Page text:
Thursday, March 23, 2006
There is a generation gap at Harvard University. The students are far more conservative than the faculty. ...The article goes on to make claims that Harvard students really are quite conservative. I doubt it. I think they are probably liberal in their ideals, but want some observable results. In other words, they want to make things better in practice on the ground, and they want a rationale for why such-and-such is going to work out in practice. La-la leftism is not good at this. It may well be that the "Red State/Blue State" split is more about process than goals. What I seem to see in the under-30 crowd is that they find politics and la-la leftism a turnoff because it has become an endless name-calling brawl.
In a poll released March 13 by the Harvard Crimson, 66 percent of surveyed Harvard students claimed to "disapprove of the way that members of the Faculty of Arts and Sciences have handled their relationship" with President Summers. Only 15 percent agree with the faculty's handling of grievances.
The faculty is dominated by left-wing '60s radicals, all of them aging despite their former fantasies. ...
The day Summers resigned, students repaired in mass to Harvard Yard where they joined in unison, "Five More Years!"
As the Crimson editorial said, "Students believe in Summers' vision."
It is more than a passive belief; it is a belief of action that runs against almost every revolutionary stronghold of the aging professoriate.
As far as national elections go, I think the real shift is from the Demcratic party to the Independents. As far as Georgia goes, nothing much has changed internally. The electorate of Georgia believes that government is there to make sure that life is workable for the average person and especially for the average family. It's supposed to try to eliminate the negatives, improve the positives and not mess with the rest of us.
The reason that Georgians haven't voted Democratic in national elections lately is that the Democrats haven't seemed to be doing much to improve matters. They seem dedicated to the proposition that their ideals are so very, very loftily important that they must hold out for absolute victory, and only after that will we, the voters, get to learn of the magical secret plans to rescue the country. It's not selling here. The dominant mood is frustration and a belief that the spokespersons of the national party are liars.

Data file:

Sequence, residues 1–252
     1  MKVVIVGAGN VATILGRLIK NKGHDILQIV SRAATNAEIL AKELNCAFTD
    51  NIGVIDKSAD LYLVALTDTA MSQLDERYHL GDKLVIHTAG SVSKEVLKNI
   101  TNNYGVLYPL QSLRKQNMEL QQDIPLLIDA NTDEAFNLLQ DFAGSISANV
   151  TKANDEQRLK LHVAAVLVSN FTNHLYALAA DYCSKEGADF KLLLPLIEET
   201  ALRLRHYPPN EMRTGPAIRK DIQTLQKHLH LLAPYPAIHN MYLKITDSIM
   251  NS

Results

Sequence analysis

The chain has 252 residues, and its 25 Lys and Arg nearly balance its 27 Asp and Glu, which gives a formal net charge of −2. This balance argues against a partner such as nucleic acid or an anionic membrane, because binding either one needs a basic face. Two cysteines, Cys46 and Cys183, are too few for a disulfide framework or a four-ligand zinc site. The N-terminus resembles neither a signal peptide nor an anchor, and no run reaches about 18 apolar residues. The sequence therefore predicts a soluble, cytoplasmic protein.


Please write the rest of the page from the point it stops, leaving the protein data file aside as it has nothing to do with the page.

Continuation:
I could be wrong, but right now I think Zell Miller is right. It's not the country that changed. It's the national leadership of the Democratic party. I strongly suspect that the majority of Catholics are aligned the same way. These are people who are neither left nor right, but expect good, reliable, efficient government.
Sounds like the early Communist Party career of a certain Mikhail Sergeyevich Gorbachev; largely spent in the field, with a close-up view of the actual results and side effects of the plans that looked so good in the capital.
They seem dedicated to the proposition that their ideals are so very, very loftily important that they must hold out for absolute victory, and only after that will we, the voters, get to learn of the magical secret plans to rescue the country.
That's almost a word-for-word description of Ross Perot's approach in 1992. (My parents were Rossies back then; I remember a visit with them where they spent the whole visit trying to get me to accept Ross Perot as my Personal LORD and Savior. I kept remembering the *real* First Horseman of the Apocalypse.)
Anon - I know very little about Ross Perot. He wanted to put a big tax on gas, and he was against NAFTA. But there must have been some reason 19% of the voters went for him!
When he tried it again in 1996 (with only his loyal Kool-aid Drinkers supporting him this time around), Local morning drive-time radio had an Election Day filk of The Macarena that went something like this:
"One's got nookie on the brain-a,
One's got a left side thats-a lame-a,
One's completely insane-a --
It's Election Day-na!"
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